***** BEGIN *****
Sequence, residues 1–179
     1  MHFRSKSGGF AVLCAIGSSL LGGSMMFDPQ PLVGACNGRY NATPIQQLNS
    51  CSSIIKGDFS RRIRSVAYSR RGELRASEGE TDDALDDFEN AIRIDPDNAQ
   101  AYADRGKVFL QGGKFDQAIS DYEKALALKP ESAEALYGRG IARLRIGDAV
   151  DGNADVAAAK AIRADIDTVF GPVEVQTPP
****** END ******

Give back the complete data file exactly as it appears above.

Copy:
Sequence, residues 1–179
     1  MHFRSKSGGF AVLCAIGSSL LGGSMMFDPQ PLVGACNGRY NATPIQQLNS
    51  CSSIIKGDFS RRIRSVAYSR RGELRASEGE TDDALDDFEN AIRIDPDNAQ
   101  AYADRGKVFL QGGKFDQAIS DYEKALALKP ESAEALYGRG IARLRIGDAV
   151  DGNADVAAAK AIRADIDTVF GPVEVQTPP